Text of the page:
It is simply inconceivable that England’s 47,000 parish churches will disappear, even with the decline in religion. But to enjoy a church involves willing its upkeep. I believe that a building designed for a purpose, however eccentric, is ideally best used for that purpose. I would think the same of a theatre, a town hall or a freemason’s lodge.

An English church is designed for a specific liturgy, in the case of 10,000 medieval parish churches ironically a Roman Catholic one. The layout of chancel, choir, transepts and aisles makes full sense only with the murmur of the mass, the smell of incense, the busying of priests about the altar. As attendances plummet, must church-lovers recruit from central casting to fill this void, as one day actors will be needed to “change the guard” for London tourists?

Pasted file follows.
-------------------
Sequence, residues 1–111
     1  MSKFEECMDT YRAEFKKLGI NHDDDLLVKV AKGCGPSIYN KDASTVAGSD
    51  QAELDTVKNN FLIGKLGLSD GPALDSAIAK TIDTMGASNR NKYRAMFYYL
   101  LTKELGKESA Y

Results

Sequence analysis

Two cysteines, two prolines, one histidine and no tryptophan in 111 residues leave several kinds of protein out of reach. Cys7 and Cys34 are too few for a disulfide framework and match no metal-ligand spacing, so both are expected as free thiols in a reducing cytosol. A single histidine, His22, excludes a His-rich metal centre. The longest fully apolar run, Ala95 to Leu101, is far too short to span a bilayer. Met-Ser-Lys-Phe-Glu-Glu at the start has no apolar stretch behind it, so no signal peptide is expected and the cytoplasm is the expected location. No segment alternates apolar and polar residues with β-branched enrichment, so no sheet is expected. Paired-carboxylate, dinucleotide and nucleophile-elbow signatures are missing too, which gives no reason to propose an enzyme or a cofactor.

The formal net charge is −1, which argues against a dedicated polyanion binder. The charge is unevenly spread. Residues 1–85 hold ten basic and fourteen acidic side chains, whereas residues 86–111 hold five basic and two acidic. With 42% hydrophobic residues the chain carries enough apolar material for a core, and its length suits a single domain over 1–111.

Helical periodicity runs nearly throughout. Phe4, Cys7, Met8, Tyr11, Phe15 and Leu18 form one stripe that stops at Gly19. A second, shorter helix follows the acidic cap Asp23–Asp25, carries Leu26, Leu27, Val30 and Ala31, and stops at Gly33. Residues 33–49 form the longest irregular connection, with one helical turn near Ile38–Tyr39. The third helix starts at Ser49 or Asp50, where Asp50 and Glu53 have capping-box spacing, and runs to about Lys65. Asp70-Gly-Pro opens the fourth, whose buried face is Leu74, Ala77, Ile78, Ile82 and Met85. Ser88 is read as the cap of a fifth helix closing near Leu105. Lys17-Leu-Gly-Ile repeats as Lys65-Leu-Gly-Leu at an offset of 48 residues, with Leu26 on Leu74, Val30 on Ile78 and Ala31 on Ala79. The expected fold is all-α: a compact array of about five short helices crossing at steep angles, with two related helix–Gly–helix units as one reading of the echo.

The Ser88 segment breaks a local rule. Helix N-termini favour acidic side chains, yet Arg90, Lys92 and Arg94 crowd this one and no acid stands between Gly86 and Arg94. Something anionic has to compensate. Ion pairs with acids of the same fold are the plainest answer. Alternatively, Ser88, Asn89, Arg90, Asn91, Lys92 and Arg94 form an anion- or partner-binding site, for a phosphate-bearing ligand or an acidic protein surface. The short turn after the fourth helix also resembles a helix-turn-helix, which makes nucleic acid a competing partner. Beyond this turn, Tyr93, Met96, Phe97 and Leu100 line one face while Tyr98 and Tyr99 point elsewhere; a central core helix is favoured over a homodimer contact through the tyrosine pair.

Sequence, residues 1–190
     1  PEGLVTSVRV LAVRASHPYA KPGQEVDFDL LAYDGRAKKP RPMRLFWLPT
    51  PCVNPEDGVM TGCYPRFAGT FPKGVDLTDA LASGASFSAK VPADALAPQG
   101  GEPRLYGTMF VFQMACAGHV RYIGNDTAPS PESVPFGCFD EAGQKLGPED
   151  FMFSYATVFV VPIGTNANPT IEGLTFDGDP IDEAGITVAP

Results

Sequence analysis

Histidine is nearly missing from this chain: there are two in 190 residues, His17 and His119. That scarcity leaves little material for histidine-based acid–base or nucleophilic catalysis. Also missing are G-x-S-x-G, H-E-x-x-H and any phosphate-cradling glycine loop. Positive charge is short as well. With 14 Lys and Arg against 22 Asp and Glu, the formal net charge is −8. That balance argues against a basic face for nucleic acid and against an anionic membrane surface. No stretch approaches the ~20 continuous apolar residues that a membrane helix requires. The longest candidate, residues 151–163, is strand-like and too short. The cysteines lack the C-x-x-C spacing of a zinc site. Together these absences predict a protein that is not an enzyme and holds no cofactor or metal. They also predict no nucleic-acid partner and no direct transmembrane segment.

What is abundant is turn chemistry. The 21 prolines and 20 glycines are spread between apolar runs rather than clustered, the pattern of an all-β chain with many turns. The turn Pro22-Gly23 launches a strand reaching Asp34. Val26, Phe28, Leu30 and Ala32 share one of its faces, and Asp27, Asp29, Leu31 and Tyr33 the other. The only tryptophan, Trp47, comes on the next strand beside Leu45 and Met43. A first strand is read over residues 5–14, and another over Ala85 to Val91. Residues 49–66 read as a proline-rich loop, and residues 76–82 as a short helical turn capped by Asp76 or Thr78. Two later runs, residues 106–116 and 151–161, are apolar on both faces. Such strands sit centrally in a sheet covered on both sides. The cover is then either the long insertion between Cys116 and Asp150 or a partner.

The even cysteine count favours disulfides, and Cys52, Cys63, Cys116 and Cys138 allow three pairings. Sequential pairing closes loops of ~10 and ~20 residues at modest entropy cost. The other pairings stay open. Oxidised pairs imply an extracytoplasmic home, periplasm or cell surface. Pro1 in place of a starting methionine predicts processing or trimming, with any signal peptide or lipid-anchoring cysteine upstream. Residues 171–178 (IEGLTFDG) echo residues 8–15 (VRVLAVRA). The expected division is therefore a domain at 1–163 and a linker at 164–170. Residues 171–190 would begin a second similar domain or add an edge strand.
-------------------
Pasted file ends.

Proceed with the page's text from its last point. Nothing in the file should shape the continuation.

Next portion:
I readily put my pound into the collection box to keep these places open and alive. I will them to flourish. I was sorry when Norwich closed two-thirds of its medieval churches as no longer fit for purpose. York struggled, and largely succeeded, in keeping similar numbers of churches open at least as public spaces.